Bible translators todaywork hard to render the Bible in contemporary English, but a great many people want a Bible with Thee’s and Thou’s—a Bible that sounds like a Bible.
The Classic Orthodox Bible, released for the Sunday of Orthodoxy, is now available in hardcover. The paperback edition is the same text, and it’s a good, cheap translation that stretches the limits of what Amazon will allow in a Kindle Direct Press paperback—but the font is pretty small. The hardcover edition has twice as many pages and has a notably larger font for the New Testament and Psalms, and especially the Gospel!
The English of the praying Orthodox Church, the English of the prayers and Liturgies, the English of the common Orthodox Christians and the hymn of Scripture itself, is the English of Thee’s and Thou’s, not the street, the TV news, or the blog. And even if they can’t put a finger on it, there is something more that is beautiful about the older classic language.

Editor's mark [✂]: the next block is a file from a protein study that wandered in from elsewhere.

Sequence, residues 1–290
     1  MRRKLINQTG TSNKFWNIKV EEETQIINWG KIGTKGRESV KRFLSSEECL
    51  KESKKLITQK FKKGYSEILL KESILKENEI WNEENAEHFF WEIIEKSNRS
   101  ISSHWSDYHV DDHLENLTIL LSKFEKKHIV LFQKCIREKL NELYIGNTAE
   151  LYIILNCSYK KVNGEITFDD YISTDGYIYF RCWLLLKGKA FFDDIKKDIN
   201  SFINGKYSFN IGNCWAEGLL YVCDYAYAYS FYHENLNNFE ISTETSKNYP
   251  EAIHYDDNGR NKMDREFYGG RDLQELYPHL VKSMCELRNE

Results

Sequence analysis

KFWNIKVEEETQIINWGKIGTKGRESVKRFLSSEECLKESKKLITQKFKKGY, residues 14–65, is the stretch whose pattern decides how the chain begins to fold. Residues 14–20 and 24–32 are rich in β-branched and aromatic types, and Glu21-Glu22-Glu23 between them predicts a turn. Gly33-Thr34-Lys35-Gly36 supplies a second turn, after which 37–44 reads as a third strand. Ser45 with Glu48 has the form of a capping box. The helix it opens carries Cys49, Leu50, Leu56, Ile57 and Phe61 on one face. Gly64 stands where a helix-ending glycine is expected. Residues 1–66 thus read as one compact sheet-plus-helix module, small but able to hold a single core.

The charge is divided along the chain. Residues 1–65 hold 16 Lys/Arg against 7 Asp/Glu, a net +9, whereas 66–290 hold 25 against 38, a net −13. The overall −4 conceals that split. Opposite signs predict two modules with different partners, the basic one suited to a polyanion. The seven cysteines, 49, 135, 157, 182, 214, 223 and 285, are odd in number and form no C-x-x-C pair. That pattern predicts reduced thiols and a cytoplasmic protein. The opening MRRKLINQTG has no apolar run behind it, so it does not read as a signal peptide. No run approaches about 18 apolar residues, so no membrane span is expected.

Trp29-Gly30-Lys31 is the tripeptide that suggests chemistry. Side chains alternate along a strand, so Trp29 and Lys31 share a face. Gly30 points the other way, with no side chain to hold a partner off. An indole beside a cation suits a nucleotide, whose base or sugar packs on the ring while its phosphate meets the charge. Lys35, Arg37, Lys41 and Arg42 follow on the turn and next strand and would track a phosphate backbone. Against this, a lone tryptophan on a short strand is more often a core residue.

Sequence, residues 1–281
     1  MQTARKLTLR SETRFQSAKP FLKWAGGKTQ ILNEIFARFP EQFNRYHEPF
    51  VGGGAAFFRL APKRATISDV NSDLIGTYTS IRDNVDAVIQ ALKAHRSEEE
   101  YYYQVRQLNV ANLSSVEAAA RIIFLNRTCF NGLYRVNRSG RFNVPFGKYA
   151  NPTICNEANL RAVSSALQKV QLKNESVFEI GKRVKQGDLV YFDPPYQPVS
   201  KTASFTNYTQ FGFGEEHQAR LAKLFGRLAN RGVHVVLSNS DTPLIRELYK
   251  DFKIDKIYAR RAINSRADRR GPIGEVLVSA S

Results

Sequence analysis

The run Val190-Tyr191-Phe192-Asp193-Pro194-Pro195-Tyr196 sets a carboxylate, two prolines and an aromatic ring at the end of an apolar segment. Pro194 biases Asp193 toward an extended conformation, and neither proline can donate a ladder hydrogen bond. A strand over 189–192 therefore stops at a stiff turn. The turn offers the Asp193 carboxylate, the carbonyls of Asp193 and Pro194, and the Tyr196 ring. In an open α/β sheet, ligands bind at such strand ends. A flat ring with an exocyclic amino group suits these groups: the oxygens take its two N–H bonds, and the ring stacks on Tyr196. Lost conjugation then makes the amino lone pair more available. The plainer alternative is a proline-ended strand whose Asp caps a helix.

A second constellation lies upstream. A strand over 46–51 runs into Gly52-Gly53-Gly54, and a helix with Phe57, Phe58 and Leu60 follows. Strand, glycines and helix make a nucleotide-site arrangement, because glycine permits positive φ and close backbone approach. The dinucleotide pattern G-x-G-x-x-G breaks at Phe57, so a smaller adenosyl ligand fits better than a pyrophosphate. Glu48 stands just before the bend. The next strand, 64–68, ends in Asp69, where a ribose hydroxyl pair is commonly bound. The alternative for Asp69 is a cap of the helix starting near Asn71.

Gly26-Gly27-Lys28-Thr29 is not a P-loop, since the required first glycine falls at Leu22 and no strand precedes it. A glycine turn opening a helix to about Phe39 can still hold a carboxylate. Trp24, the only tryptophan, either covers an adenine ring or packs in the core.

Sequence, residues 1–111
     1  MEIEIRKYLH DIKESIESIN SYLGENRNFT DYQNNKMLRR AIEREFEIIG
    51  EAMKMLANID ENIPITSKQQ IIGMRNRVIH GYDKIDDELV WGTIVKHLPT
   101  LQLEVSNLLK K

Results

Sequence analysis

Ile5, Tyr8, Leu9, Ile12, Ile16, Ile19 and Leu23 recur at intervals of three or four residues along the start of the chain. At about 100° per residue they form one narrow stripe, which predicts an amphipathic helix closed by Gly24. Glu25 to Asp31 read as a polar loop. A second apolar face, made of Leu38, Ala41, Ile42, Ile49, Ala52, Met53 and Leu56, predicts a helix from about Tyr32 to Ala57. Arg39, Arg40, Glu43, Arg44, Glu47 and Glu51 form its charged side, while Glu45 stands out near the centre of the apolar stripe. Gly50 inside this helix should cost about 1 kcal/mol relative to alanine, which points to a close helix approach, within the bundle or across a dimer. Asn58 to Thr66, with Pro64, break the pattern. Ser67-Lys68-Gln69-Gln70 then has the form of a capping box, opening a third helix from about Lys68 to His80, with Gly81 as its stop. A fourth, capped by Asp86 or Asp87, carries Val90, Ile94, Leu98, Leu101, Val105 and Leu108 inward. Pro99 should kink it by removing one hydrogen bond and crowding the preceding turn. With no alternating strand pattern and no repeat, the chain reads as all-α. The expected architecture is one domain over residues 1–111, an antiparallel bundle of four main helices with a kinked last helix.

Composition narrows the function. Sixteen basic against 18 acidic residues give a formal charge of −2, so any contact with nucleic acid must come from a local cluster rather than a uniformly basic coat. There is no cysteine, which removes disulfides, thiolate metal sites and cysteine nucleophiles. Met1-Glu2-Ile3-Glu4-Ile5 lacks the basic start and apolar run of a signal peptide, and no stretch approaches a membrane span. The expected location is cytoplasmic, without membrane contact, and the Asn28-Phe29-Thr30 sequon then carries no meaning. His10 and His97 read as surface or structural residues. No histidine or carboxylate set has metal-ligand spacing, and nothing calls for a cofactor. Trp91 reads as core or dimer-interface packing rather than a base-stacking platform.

The Classic Orthodox Bible has, as its foundation, Sir Lancelot Brenton’s translation of the Greek Old Testament, the Septuagint. All other known translations that revised Sir Lancelot have revised his language to be newer and more modern; though this is not an important distinction, this text revised Sir Lancelot to be very slightly more archaic and read more authentically like the King James Version. There have been multiple changes made, though not all that many for a new Bible version. In any case the attempt was made to cut with the grain rather than against it, and to preserve and enhance a rendering that is the English of the praying Orthodox Church.